I didn’t expect helping to run Southwest Fox to give me a chance to learn new things about VFP. But speaker coordination was one of my responsibilities, so I took the lead in handling the evaluation data. On the plane coming home, I designed a couple of tables to hold the data and started working on data entry forms.

We gave each attendee an evaluation booklet with an identical section for each time slot, plus an overall conference evaluation at the end. (One of the things I learned doing the data entry was that we should put the overall conference evaluation at the front of the booklet, not the back.) At the end of the conference, we divided the evaluation booklets into three equal piles; we each took a pile home with us.

Because the data entry would be distributed and we wanted things to be simple, I chose to go with a nearly flat file design. I created two tables, one to hold evaluations of the individual sessions, with one record for each session evaluated, and another to hold the overall conference evaluation data, with one record per evaluation booklet. We already had tables for the speakers, topics and timeslots, so I put foreign keys to those into the session evaluation table.

I created a data entry form for each table, keeping things as simple as I could, but with an eye toward streamlining data entry. One thing that made creating these forms easier was that we only needed to add records, not to edit them.

The real fun came in creating reports once we’d done the data entry. We needed two reports, one for the session evaluations and one for the overall conference evaluations. Each posed interesting problems. The key issue in both cases was that we had lots of free-form comments in the evaluations and needed a way to combine that data with the averages for the numeric questions.

For the session evaluations, we also needed to give each speaker his or her own evaluations and no one else’s. I started, as I pretty much always do for reports, by working on queries to pull out the data to report. I needed to average each of the numeric ratings for each repeat of each session, as well as count the number of evaluations submitted. No problem; a simple grouped query handles that:

SELECT iTimeSlot, iSpeaker, iTopic, CNT(*), ;
AVG(nPrepared) as nPrepared, ;
AVG(nKnowledge) as nKnowledge, ;
AVG(nInteresti) as nInterest, ;
AVG(nMatchDesc) as nMatchDesc, ;
AVG(nValuable) as nValuable, ;
AVG(nRelevant) as nRelevant, ;
AVG(nAgain) as nAgain;
FROM SessionEval ;
GROUP BY 1, 2, 3

To add the speaker’s name, the session title and the time the session was given, I used that query as a derived table (one of the features added in VFP 9 that’s really grown on me over time) inside another query that joined the look-up tables with these results:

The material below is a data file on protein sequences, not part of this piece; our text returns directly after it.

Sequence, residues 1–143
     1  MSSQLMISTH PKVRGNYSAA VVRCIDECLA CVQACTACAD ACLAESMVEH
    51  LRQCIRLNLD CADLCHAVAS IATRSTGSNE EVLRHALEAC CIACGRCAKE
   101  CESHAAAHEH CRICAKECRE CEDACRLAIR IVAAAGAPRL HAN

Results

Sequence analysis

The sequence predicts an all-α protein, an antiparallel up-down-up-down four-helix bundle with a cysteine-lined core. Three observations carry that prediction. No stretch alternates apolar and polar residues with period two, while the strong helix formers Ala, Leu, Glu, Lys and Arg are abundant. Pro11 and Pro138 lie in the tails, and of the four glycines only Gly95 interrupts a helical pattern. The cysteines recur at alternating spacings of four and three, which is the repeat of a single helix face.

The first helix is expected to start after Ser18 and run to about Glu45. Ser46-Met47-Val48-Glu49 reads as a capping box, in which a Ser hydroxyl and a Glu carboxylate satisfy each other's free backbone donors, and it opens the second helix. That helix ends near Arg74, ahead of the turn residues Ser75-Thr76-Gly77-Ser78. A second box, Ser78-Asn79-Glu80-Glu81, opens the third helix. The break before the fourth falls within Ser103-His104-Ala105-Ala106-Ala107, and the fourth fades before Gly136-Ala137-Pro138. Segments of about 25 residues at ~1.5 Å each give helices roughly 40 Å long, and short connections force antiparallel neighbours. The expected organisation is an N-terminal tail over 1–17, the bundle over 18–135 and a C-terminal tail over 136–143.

SELECT SessAvg.*, Speaker.cFirst, Speaker.cLast, ;
Topic.mTitle, TimeSlot.tStart ;
(SELECT iTimeSlot, iSpeaker, iTopic, CNT(*), ;
AVG(nPrepared) as nPrepared, ;
AVG(nKnowledge) as nKnowledge, ;
AVG(nInteresti) as nInterest, ;
AVG(nMatchDesc) as nMatchDesc, ;
AVG(nValuable) as nValuable, ;
AVG(nRelevant) as nRelevant, ;
AVG(nAgain) as nAgain;
FROM SessionEval ;
GROUP BY 1, 2, 3 ) SessAvg ;
JOIN Speaker ;
ON SessAvg.iSpeaker = Speaker.iID ;
JOIN Topic ;
ON SessAvg.iTopic = Topic.iID ;
JOIN TimeSlot ;
ON SessAvg.iTimeSlot = TimeSlot.iID ;
ORDER BY cLast, cFirst, iTopic, tStart ;

With that data in hand, I looked at the harder part. For each session, we’d provided three places to write comments:

  • What did you like about this session?
  • What didn’t you like about this session?
  • Other comments

I wanted to group all the answers for each question for a given session together, so the speaker would see all the positives, then all the negatives, then any other comments.

Making this work gave me my first chance to use VFP 9’s multiple detail band reports in a production situation. I wrote three separate queries to pull out the answers into separate cursors, and related each of those cursors to the summary cursor, SessionAvgs. Here’s the query and relation for the things attendees liked about a session:

SELECT iTimeSlot, iSpeaker, mLikes, RECNO() as nRec ;
FROM SessionEval ;
ORDER BY 1, 2 ;
INDEX on PADL(iTimeSlot, 2) + PADL(iSpeaker, 2) TAG TimeSpeak

SELECT SessionAvgs